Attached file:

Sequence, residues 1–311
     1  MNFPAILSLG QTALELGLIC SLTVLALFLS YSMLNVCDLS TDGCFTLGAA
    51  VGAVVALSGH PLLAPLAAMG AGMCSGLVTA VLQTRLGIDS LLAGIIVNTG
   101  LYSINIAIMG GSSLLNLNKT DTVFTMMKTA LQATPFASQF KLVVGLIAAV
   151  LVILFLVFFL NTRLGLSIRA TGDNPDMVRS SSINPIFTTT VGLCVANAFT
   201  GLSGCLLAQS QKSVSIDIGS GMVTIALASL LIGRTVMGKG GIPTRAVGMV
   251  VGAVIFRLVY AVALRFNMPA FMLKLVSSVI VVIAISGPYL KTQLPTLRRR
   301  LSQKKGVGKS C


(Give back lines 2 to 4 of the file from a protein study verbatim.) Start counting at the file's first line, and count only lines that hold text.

     1  MNFPAILSLG QTALELGLIC SLTVLALFLS YSMLNVCDLS TDGCFTLGAA
    51  VGAVVALSGH PLLAPLAAMG AGMCSGLVTA VLQTRLGIDS LLAGIIVNTG
   101  LYSINIAIMG GSSLLNLNKT DTVFTMMKTA LQATPFASQF KLVVGLIAAV